Then there were the baby tiger snakes we saw on that walk, can’t remember how many of them we saw but there were a few. Took a photo of one, they were about 6 inches long. Didn’t stick around, my wife said “wonder where mum and dad are”, I said “or Grandma and Grandpa”…..
    One trip up to Lake Bill there was a white lipped snake getting about, which was rather strange – it was July!
    There was a weekend up at the Walls of Jerusalem where we saw 7 in two days, 5 tigers and two white lipped snakes.
    Coming down a steep section of the Arm River track, there was a really large one traveling beside us in the bush about 5 metres away, it was as big as the other one I saw in the middle of the track more recently which Frank has a photo of. (Not sure how to link in these comments.)
    There was a rustle in some bushes right beside us once, we were sure it was a snake but didn’t see it, Arm River track again.
    Saw another White Lipped snake on Sunday coming down from Mt Olympus. A good thing we didn’t see more snakes on that walk, coming down to meet up with the Overland track the scrub is pretty thick in places, no tracks.
    There was one that I remember on the way to Walled mountain, sitting on a rock as we were making our way down the same rocks, it was a large Tiger snake as well but it was well more scared of us and disappeared quite quickly, thankfully.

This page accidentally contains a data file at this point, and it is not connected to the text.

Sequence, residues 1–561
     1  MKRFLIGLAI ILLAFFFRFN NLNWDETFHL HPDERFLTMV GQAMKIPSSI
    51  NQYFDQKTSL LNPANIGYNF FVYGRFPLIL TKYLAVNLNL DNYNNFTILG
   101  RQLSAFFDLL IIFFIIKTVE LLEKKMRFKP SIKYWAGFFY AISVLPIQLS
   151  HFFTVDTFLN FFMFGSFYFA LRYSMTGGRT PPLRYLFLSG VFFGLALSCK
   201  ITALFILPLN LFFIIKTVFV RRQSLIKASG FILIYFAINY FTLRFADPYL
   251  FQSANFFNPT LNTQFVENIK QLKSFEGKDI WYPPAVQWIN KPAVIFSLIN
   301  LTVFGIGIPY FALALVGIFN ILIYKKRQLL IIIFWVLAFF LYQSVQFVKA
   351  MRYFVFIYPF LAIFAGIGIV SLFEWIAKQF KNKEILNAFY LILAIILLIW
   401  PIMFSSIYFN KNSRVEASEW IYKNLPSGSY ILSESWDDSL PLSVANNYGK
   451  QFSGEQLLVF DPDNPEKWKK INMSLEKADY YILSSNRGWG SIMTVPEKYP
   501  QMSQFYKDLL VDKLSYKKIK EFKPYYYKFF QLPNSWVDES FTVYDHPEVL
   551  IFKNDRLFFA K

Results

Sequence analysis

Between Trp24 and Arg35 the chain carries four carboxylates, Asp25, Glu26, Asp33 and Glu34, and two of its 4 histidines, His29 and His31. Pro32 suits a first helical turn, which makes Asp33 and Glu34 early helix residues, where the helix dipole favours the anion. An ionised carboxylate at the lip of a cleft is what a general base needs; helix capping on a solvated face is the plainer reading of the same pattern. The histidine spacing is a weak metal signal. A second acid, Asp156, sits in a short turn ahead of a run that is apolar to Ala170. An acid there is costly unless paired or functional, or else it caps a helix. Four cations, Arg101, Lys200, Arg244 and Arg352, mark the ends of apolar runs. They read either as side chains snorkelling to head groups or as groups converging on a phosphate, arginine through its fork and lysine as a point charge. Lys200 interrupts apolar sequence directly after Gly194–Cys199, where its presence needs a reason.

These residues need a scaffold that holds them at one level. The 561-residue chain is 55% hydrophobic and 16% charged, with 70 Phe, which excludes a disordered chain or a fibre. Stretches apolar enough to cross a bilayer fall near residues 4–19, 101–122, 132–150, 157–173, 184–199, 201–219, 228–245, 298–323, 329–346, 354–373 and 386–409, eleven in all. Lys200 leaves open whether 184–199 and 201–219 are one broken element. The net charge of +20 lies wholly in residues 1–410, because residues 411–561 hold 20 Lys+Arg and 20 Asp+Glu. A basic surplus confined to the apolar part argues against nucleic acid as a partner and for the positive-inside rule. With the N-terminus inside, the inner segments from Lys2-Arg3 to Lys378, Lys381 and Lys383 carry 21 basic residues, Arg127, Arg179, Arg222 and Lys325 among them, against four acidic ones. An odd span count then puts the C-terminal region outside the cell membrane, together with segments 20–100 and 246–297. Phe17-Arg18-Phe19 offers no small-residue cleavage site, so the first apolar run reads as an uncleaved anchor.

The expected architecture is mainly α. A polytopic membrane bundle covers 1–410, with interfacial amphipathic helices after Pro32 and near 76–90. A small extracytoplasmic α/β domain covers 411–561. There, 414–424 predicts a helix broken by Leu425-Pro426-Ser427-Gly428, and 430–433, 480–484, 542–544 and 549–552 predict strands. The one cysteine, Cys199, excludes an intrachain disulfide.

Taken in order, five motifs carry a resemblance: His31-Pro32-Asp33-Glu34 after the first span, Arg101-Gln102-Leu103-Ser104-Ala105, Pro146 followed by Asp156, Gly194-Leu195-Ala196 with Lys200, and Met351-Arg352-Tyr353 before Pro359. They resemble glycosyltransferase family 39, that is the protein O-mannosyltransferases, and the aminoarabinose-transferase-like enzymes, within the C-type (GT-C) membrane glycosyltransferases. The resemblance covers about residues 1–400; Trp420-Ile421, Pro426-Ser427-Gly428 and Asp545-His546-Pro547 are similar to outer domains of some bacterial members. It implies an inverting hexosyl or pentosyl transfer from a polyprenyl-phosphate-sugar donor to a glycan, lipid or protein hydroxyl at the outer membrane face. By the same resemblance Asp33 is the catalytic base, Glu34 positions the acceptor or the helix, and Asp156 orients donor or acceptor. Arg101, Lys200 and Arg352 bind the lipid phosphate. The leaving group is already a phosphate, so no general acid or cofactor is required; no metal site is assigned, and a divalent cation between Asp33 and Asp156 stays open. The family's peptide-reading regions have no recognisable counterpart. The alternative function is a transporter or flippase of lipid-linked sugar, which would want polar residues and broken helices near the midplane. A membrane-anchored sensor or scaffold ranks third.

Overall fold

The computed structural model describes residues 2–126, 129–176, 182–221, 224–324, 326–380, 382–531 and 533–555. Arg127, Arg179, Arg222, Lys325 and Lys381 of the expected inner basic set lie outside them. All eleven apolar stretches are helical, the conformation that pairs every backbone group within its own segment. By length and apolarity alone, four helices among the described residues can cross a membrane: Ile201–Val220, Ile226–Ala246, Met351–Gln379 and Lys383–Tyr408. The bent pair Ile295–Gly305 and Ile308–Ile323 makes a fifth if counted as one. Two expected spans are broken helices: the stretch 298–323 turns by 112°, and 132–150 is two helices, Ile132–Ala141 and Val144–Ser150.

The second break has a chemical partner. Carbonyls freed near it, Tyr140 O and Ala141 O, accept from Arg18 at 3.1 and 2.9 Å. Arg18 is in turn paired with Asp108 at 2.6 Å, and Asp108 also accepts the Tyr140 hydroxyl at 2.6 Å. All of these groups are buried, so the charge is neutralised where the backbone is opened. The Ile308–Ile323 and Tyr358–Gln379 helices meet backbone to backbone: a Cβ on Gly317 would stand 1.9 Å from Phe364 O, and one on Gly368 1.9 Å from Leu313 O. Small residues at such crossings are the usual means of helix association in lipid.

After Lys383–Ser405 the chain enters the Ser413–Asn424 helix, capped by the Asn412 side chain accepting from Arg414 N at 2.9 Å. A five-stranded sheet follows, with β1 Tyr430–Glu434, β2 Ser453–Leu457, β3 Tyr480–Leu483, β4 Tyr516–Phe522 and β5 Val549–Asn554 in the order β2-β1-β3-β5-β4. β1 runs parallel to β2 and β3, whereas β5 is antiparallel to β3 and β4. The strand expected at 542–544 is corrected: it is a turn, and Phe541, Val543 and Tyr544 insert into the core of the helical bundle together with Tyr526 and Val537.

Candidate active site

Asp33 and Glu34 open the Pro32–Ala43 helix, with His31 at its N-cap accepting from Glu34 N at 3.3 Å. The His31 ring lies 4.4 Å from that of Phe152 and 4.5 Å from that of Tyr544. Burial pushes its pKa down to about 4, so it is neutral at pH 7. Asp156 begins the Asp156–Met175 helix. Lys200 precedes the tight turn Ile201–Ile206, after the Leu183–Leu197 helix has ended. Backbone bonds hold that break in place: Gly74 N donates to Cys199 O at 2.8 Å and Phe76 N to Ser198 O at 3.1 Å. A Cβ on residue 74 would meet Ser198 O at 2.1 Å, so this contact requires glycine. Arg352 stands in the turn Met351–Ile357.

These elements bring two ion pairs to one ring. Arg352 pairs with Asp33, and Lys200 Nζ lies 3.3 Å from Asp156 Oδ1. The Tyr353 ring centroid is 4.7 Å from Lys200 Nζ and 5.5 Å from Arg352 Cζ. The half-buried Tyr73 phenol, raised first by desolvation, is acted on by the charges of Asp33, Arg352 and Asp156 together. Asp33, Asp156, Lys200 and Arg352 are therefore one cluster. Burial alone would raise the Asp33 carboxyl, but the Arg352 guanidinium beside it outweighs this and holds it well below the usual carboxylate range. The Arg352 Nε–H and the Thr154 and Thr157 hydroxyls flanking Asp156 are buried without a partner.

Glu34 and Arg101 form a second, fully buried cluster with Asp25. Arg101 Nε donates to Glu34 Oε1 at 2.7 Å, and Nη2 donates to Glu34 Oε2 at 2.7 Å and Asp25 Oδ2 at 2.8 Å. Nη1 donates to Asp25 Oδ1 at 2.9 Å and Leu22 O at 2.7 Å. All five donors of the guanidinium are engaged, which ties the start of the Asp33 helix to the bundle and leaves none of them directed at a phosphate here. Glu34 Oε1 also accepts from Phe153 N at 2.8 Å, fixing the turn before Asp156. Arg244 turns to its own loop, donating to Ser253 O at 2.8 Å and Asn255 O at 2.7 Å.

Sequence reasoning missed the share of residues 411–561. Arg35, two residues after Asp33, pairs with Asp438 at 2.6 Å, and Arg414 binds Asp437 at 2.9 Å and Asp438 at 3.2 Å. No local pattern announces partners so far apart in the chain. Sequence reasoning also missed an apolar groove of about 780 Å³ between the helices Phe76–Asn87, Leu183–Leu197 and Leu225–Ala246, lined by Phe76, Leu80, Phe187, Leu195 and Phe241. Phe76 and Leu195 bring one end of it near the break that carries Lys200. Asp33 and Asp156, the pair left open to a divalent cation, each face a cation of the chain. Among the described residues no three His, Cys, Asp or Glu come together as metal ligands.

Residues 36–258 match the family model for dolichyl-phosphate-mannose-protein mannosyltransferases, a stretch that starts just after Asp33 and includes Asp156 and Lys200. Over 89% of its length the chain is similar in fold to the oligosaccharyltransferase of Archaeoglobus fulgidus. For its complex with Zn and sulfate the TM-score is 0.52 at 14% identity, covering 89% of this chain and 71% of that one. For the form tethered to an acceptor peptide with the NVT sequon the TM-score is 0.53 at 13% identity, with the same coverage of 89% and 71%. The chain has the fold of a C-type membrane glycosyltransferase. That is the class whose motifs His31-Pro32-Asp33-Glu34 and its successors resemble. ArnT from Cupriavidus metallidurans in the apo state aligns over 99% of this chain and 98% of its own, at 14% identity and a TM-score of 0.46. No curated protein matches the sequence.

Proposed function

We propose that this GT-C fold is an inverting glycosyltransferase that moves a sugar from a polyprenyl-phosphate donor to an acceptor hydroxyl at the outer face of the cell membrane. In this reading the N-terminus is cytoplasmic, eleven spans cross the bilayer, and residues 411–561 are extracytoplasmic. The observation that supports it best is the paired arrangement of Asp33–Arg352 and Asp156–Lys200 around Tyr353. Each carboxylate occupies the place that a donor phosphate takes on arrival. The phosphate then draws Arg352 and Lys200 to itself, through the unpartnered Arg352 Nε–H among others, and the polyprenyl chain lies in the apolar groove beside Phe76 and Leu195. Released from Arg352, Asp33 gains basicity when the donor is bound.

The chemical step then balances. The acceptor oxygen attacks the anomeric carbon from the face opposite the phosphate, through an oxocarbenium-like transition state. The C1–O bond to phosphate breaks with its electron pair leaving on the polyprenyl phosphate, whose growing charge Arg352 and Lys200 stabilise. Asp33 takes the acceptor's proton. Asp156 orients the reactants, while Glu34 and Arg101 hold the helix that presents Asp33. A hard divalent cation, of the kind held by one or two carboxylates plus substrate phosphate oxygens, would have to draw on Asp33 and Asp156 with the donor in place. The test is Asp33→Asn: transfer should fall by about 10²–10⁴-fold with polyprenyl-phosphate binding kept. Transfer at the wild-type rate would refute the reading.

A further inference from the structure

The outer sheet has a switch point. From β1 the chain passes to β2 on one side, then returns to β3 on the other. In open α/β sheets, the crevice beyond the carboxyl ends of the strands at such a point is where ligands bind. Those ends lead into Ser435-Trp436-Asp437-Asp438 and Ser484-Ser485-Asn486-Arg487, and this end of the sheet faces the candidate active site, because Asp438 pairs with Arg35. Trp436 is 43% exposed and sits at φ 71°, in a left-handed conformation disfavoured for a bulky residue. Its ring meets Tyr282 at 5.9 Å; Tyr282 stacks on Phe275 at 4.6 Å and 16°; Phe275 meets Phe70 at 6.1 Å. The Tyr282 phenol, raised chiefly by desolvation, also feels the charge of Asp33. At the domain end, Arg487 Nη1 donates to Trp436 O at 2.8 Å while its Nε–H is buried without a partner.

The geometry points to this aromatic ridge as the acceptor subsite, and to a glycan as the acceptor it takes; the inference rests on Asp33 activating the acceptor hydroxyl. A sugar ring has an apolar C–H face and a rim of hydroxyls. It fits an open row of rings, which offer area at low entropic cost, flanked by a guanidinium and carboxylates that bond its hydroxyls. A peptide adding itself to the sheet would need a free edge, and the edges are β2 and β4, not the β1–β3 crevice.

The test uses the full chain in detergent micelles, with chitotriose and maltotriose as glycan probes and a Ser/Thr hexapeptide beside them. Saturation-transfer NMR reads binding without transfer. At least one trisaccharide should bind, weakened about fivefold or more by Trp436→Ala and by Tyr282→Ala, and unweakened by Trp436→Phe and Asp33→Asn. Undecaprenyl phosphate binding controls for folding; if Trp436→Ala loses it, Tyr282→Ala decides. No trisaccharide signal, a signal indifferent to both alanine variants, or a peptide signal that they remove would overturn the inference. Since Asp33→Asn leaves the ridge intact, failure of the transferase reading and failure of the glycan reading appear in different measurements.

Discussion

Another was in a low spot among some pineapple grass near a creek heading down off Mt Rogoona, it disappeared behind some Pandanis.
    A really interesting one – when heading up towards Moonlight Ridge, you come to Bullfrog Tarns. At the eastern end of the first one, there was an overhang that made a bit of a cave, and a tiger snake was using that for its home, We didn’t know it was there and were helping ourselves to some water when it came out, looking like it wanted to have a go, but turned quickly and went back to its cave. We promptly left and went to the 2nd large tarn, which by the way was chock full of frogs and tadpoles which I have a number of photos of.
    There were some on the South Coast track, the details get a bit sketchy because you tend to get a bit used to them. But one things for certain, while getting more used to them I am certainly not complacent. They always get a wide berth, lots of stomping (from a distance) to get them moving, if that doesn’t work it’s off track, a wife berth (and I’m talking about somewhat MORE than 2 or 3 metres). And that big one on the Arm River track was one of the freakiest because I hadn’t seen it until I was way too close… Makes your blood run cold! I’d taken 3 big steps backward (and swore a bit) before I took that photo.